|Iron Reducing Bacteria (other)||IRB||Iron reducing bacteria reduce insoluble ferric iron to soluble ferrous iron potentially facilitating the removal of protective corrosion products formed on exposed iron alloy surfaces. However, other studies have suggested that the actions of IRB can inhibit corrosion through a variety of mechanisms. This assay targets iron reducing bacteria such as Deferribacter, Ferrimonas, Geopsychrobacter, Geothermobacter, Geothrix, Geovibrio, Geothermobacterium and Albidiferax. Please note that Geobacter and Shewanella are also common iron reducing bacteria which need to be ordered as separate assays.|
|Iron Reducing Bacteria (Geobacter)||GEO||Iron reducing bacteria reduce insoluble ferric iron to soluble ferrous iron potentially facilitating the removal of protective corrosion products formed on exposed iron alloy surfaces. This assay targets a common iron reducing bacteria, Geobacter.|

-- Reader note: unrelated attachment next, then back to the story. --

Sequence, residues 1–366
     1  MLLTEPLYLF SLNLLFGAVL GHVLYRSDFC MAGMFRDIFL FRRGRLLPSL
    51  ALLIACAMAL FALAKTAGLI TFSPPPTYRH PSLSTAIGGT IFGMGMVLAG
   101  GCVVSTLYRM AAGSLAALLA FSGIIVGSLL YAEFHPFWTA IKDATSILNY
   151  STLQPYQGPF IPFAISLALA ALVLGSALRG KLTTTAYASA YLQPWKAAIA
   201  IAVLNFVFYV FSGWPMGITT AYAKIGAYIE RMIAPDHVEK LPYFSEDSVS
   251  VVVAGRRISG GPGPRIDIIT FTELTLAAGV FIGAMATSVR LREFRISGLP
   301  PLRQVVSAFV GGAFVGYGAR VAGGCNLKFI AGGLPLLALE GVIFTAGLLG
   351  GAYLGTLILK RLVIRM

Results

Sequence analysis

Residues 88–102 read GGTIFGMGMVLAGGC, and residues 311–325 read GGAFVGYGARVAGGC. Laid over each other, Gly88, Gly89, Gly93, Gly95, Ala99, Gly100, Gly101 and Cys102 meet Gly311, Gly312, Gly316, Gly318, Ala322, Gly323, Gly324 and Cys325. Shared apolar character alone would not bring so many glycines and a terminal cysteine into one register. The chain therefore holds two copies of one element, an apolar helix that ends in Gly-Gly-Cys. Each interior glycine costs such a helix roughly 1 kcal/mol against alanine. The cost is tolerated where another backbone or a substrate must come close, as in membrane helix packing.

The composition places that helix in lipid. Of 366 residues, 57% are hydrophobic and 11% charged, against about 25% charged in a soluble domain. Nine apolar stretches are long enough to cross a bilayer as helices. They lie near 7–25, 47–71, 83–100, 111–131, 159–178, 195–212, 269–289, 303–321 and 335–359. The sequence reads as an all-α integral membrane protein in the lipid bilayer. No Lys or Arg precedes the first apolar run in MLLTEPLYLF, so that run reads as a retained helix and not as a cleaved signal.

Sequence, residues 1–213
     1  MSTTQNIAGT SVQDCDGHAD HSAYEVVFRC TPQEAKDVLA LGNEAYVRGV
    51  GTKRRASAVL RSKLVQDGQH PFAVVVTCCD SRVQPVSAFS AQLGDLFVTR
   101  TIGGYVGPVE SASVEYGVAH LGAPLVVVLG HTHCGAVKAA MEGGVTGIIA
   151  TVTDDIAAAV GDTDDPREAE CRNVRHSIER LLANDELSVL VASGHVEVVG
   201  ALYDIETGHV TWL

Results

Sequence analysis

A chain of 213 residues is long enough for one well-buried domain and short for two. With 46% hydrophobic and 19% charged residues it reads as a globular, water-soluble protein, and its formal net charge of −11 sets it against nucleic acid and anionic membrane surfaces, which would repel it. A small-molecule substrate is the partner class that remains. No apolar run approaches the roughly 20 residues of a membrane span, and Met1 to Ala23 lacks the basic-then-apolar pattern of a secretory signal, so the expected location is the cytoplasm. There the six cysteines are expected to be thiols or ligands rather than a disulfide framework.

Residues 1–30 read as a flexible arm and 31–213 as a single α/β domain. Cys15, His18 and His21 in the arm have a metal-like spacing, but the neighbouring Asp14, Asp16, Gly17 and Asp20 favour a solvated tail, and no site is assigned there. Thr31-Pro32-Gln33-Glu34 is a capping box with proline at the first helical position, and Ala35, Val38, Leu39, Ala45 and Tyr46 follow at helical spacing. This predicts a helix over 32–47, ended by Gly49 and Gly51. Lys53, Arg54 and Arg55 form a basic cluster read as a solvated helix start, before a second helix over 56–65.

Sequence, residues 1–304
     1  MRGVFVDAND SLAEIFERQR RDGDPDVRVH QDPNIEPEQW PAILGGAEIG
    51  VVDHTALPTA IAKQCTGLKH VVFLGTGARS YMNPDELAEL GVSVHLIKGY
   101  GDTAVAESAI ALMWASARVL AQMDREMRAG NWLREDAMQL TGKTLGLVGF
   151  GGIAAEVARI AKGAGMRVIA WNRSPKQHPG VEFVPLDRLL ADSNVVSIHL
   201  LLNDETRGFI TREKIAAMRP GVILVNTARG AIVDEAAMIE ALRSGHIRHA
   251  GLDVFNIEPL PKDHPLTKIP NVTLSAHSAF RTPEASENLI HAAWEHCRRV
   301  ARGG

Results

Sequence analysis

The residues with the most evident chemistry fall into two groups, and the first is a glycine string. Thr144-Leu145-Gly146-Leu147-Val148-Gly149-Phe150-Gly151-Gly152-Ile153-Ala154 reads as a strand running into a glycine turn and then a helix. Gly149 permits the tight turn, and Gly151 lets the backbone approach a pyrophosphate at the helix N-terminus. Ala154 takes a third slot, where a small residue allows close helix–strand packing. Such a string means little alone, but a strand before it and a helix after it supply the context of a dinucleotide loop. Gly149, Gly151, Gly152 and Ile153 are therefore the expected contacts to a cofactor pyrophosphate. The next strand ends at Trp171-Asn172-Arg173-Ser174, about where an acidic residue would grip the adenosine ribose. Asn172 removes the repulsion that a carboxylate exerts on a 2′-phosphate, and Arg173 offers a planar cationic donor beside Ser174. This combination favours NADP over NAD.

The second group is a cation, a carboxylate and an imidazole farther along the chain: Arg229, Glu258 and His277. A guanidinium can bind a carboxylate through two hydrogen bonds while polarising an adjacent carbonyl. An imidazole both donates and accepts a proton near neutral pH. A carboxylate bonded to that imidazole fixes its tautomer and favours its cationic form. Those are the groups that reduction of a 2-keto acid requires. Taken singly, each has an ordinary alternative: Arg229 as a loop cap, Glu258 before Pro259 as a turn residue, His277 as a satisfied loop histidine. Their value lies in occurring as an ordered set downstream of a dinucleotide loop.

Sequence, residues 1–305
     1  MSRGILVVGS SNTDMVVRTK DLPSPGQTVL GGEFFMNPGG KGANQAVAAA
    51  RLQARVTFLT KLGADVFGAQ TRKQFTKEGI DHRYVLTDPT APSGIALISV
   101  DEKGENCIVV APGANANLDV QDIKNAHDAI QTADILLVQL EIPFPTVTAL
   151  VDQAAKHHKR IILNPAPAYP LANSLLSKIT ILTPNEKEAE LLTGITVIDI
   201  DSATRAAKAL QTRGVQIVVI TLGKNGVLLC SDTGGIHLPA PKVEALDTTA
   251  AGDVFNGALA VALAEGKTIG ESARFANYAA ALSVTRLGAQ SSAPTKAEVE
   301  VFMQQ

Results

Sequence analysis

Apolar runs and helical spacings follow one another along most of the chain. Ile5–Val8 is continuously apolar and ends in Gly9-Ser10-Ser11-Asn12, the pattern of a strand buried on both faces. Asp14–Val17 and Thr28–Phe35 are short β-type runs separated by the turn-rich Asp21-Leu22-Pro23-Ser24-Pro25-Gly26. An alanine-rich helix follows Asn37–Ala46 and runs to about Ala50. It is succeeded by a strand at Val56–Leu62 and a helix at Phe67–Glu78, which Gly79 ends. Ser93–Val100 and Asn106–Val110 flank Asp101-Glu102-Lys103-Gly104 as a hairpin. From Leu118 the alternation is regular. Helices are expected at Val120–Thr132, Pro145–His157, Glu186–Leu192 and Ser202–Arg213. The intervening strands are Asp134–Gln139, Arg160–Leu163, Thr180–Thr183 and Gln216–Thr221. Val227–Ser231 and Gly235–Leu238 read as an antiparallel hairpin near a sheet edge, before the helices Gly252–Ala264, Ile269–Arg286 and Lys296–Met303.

|Iron Reducing Bacteria (Shewanella)||SHW||Anaerobic bacteria which can utilize cathodic hydrogen as an energy source, reduce ferric iron and sulfite to ferrous iron and sulfide indicating that it can play a role in MIC.|
|Iron Reducing Archaea||IRA||Targets two genera of iron reducing archaea, Ferroglobus and Geoglobus.|
|Iron Oxidizing Bacteria||FeOB||Iron oxidizing bacteria are a group of microorganisms commonly implicated in metal deposition and tubercle formation.|
|Manganese Oxidizing Bacteria||MnOB||Like iron oxidizing bacteria, manganese oxidizing bacteria are capable of making deposits of metal oxides.|
|Sulfur Oxidizing Bacteria||SOB||Often aerobic bacteria oxidize sulfide or elemental sulfur producing sulfuric acid. Commonly implicated in the corrosion of concrete.
|Nitrate Reducing Bacteria||DNF||Increasingly, nitrate addition is being used to stimulate growth of nitrate reducing bacteria as a bioexclusion strategy to combat SRB-mediated reservoir souring and MIC. The DNF assay quantifies target genes encoding enzymes responsible for a key step in biological nitrate reduction.|
|Archaeal Nitrite Reducing Bacteria||ADNF||Similar to the DNF assay, ADNF quantifies the two types of nitrite reductase genes (nirS and nirK) found in archaeal organisms.|